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    Goldman Sachs executive quits after making millions on cryptocurrency

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    Aziz McMahon, a Goldman Sachs executive in London, quit the bank after making a fortune on cryptocurrency.

    McMahon made millions from a bet on the digital currency ether, three former Goldman employees told CNBC.

    Goldman Sachs confirmed McMahon’s departure but declined to comment any further.

    LONDON — A Goldman Sachs executive has resigned after earning a fortune from a cryptocurrency investment, according to industry sources.

    Aziz McMahon, Goldman’s managing director and head of emerging market sales in London, quit after making millions of pounds from a bet on the digital currency ether, three former employees at the investment bank told CNBC.

    The former employees, who all know McMahon personally, preferred to remain anonymous due to the sensitive nature of the discussions. McMahon is believed to have cashed in at least £10 million ($14 million) worth of cryptocurrency, the sources said.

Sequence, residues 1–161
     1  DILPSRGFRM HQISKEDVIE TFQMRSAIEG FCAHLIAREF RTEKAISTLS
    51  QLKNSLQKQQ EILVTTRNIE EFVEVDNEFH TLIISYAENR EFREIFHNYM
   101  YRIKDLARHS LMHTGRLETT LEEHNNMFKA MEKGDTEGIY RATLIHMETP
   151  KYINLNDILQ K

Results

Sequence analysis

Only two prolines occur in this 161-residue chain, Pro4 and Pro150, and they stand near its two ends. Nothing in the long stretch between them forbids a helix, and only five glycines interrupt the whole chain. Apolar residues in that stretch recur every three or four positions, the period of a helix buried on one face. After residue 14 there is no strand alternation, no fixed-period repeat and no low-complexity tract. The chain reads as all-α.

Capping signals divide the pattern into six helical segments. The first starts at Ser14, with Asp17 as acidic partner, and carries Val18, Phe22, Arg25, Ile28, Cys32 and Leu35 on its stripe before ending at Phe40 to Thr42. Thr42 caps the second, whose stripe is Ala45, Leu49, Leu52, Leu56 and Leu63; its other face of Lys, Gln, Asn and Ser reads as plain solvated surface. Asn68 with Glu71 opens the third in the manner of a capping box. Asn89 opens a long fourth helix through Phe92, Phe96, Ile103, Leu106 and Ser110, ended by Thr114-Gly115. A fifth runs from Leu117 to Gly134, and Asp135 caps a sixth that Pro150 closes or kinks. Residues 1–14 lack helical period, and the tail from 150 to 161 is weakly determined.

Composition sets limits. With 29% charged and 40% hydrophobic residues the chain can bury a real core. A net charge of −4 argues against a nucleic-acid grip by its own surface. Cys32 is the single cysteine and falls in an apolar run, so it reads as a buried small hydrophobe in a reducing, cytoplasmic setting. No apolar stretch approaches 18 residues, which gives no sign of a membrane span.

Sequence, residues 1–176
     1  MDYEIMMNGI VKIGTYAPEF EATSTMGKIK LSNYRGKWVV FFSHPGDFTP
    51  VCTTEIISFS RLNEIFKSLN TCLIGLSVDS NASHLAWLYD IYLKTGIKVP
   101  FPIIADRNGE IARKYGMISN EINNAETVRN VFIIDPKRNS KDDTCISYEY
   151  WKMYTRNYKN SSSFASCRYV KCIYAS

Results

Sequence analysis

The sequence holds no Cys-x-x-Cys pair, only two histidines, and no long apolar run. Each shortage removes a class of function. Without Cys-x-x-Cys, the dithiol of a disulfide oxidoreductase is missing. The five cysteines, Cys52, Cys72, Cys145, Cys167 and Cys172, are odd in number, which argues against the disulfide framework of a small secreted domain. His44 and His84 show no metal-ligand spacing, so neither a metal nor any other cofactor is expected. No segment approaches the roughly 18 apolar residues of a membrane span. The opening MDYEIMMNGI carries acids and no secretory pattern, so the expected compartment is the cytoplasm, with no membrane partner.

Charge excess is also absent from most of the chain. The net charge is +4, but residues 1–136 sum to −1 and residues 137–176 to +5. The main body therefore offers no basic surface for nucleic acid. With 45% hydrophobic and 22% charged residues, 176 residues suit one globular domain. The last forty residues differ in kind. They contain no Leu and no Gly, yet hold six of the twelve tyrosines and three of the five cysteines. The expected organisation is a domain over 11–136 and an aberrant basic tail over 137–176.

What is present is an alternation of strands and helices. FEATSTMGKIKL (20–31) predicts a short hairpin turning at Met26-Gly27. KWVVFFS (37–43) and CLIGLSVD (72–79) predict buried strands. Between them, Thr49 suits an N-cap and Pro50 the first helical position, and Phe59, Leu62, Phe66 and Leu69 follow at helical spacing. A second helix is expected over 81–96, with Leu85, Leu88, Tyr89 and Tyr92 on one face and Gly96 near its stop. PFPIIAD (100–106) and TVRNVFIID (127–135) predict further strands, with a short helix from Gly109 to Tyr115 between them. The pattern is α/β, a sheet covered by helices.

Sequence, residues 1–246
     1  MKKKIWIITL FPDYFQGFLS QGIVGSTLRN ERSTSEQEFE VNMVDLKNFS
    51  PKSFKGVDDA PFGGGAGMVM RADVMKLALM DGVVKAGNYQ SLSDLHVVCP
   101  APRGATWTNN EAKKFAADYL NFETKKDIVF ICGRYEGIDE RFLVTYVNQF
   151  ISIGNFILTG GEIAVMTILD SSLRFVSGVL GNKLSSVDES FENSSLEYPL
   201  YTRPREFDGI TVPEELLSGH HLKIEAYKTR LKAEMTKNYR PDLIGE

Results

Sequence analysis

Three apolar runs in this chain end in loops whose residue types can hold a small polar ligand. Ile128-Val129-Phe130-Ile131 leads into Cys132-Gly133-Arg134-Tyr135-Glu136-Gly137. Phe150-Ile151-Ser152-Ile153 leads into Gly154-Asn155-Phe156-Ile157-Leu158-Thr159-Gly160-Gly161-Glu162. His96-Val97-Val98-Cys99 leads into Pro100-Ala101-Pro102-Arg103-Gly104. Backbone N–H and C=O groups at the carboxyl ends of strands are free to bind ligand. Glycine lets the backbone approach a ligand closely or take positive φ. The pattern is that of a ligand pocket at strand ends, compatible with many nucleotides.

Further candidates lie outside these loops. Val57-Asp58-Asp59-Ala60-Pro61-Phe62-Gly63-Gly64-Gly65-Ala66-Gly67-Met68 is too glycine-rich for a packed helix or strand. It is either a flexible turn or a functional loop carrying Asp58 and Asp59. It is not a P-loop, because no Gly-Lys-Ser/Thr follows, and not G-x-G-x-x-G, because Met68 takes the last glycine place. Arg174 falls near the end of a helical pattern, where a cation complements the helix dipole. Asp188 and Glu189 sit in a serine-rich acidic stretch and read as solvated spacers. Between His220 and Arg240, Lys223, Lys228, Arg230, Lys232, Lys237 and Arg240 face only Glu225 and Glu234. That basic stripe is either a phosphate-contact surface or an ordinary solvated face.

Earlier reports from eFinancial Careers and The Guardian had said McMahon had left Goldman after making money from dogecoin.

    It is possible McMahon may have had some holdings in dogecoin, too. He is thought to have now set up his own hedge fund, eFinancialCareers reported.

    When approached by CNBC, Goldman Sachs confirmed McMahon’s departure but declined to comment any further. McMahon was not immediately available for comment when contacted by CNBC via LinkedIn.

    Ether, the digital asset McMahon is said to have invested in, has risen more than 400% since the start of 2021. Created some six years after bitcoin, ether is based on a different technology known as Ethereum. Ether and ethereum are often used interchangeably to describe the currency.

    Bitcoin and other cryptocurrencies have fluctuated wildly lately. On Wednesday, the entire market shed as much as $365.85 billion after a tweet from Elon Musk that said his electric car firm Tesla would stop accepting payments in bitcoin due to environmental concerns over the cryptocurrency.

    Musk’s favored crypto is dogecoin, a token that started out as a joke in 2013. Inspired by the meme “Doge,” which features a shiba inu dog and cartoon-style text, dogecoin was intended by its creators as a “fun” alternative to bitcoin.

    It’s since gained a growing community online and is now the fourth-largest digital asset by market value on CoinMarketCap. While advocates like to call it the “people’s” crypto, investors warn dogecoin is a sign of froth building up in the crypto market.

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